His grandfather had prostate cancer. His father is battling the illness.
And Dr. Riley Senft believes there’s a good chance that either he or his younger brother, Derek, will have prostate cancer.
Wanting to get the message out about early detection of the cancer, Senft took a leave from his medical residence at the University of Manitoba and began a cross-Canada run May 7 in Cape Spear, Nfld.
Seven pairs of running shoes, getting engaged in Kenora, Ont. to his partner, Sarah, and seeing spectacular scenery later, Senft ran through the North Okanagan on his way to his end goal, his hometown of Vancouver on Oct. 6.
“I feel awesome and I totally see the light at the end of the tunnel,” said Senft, 32, taking a break from his Step Into Action tour just outside of Armstrong. “The run has gone pretty good. The weather has been not so bad. Today (Tuesday), it’s nice and sunny and the terrain is levelling out in the valley. It’s a lot easier than the passes I’ve been doing since entering the Rockies.
“It was a little tough there. I was coming off a month of Prairie running so my legs were not used to running hills, up or down.”
His goal on the run was not only to raise awareness of early detection for prostate cancer, but to raise funds. Through last week, he had raised more than $340,000.
“It’s awesome, we’ve done a great job,” said Senft, who has been supported in his large travelling motorhome since Newfoundland by road manager Mike Downey. Family members have also helped along the way.
So have local fire departments and prostate cancer awareness groups.
Firefighters in various communities have been giving Senft an escort into town, and allowing the motorhome to stop at their halls.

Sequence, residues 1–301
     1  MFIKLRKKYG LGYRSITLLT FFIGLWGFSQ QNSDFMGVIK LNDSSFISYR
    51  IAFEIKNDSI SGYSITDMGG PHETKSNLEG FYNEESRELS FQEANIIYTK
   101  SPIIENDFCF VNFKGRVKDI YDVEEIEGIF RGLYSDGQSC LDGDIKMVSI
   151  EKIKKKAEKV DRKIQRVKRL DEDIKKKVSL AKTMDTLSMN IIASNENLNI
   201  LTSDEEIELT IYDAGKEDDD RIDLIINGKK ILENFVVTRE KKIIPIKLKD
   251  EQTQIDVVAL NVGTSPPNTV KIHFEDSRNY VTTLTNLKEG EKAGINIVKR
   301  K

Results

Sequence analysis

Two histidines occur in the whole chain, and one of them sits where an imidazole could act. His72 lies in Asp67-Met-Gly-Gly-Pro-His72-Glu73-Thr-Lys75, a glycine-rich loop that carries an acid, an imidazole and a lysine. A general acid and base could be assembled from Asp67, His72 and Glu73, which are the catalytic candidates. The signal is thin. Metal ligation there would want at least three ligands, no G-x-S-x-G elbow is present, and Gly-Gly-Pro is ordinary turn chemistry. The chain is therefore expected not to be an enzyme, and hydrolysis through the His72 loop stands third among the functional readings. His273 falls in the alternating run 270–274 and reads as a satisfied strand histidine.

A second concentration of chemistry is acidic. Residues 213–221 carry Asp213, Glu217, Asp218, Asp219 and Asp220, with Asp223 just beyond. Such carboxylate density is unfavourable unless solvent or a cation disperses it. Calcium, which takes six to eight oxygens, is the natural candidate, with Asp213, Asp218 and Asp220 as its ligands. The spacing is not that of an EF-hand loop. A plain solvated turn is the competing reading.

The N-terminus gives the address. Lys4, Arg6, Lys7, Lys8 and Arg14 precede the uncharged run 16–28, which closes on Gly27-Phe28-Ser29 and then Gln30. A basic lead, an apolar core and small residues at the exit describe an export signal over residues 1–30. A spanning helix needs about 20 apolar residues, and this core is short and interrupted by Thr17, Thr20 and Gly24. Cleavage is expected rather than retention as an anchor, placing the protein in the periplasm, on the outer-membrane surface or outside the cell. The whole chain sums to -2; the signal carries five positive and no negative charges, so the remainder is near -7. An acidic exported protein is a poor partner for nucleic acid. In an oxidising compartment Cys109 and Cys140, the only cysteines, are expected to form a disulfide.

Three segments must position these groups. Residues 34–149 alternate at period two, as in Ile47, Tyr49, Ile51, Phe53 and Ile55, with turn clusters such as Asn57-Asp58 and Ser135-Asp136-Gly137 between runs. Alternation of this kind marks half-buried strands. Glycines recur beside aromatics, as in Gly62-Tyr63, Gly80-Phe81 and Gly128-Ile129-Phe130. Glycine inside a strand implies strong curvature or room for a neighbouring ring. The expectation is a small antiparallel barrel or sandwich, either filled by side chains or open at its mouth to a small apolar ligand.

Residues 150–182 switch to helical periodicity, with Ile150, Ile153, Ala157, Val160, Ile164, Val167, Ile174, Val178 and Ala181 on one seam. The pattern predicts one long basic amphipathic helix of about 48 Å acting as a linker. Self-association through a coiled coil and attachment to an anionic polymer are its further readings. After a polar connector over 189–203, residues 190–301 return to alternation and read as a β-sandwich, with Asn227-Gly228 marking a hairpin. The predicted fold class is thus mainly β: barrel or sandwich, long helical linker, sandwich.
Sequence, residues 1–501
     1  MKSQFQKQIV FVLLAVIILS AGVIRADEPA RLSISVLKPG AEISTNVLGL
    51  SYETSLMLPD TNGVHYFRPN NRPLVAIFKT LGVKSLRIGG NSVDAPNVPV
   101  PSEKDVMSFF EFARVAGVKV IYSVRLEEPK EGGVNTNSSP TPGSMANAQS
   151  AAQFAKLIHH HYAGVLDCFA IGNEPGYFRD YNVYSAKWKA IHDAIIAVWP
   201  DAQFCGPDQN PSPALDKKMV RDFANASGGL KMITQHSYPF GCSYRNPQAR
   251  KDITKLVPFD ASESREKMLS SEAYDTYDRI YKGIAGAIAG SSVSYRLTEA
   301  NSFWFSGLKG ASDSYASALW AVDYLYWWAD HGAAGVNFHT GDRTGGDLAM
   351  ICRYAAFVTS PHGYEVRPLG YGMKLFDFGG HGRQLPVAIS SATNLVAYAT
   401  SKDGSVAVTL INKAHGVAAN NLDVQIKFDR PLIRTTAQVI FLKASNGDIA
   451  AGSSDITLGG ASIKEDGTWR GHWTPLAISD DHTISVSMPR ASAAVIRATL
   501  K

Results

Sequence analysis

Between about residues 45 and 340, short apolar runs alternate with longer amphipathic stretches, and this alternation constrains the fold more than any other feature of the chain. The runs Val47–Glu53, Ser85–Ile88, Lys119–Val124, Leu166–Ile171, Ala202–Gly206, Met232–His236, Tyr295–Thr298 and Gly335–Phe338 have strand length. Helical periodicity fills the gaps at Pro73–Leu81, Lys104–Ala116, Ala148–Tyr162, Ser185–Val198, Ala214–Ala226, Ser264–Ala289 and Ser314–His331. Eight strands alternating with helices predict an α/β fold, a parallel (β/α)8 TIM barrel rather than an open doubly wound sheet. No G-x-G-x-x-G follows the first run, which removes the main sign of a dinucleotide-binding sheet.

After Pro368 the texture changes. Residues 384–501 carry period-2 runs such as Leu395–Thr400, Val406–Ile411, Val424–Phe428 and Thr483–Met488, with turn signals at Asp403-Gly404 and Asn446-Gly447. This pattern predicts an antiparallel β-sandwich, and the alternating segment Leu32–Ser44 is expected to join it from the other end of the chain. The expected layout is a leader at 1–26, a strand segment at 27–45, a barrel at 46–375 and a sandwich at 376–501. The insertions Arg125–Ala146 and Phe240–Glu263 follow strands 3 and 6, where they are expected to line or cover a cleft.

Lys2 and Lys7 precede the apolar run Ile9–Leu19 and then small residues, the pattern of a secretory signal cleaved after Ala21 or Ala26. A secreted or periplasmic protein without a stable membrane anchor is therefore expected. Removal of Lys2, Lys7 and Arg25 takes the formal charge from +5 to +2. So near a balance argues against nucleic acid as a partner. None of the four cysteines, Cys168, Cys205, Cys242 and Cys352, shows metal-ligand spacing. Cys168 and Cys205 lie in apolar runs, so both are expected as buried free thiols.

“The escorts are a lot of fun,” said Senft, who was helped into Vernon by members of the Vernon Fire Department. “The lights flashing are always fun and keeps the big trucks away and gets them to slow down. They don’t slow down for much those guys, they’ve got a schedule to keep and they get pretty close to me. They’re going pretty fast as they’re zipping by me.”
Firefighters and about a half-dozen members of the Vernon Prostate Cancer Support and Awareness Group ran with Senft through Vernon.
Throughout his journey, Senft has been blogging about his run. Highlights have included getting engaged in Kenora and running through Lake Superior National Park and parts of Saskatchewan.
“Lake Superior was beautiful, I ran along it for quite awhile and I could go swimming in it every day, it was 35 to 40 degrees so having the lake right next to you was awesome,” he said. “Saskatchewan was beautiful for the first week, then it was really flat. The scenery did not change for a long time. When I saw the mountains, I was pretty excited.”
To find out more about Senft’s cross-Canada run, or to make a donation to his cause, visit StepIntoAction.ca.
Senft expects to end his run on Friday at West Vancouver’s Ambleside Park.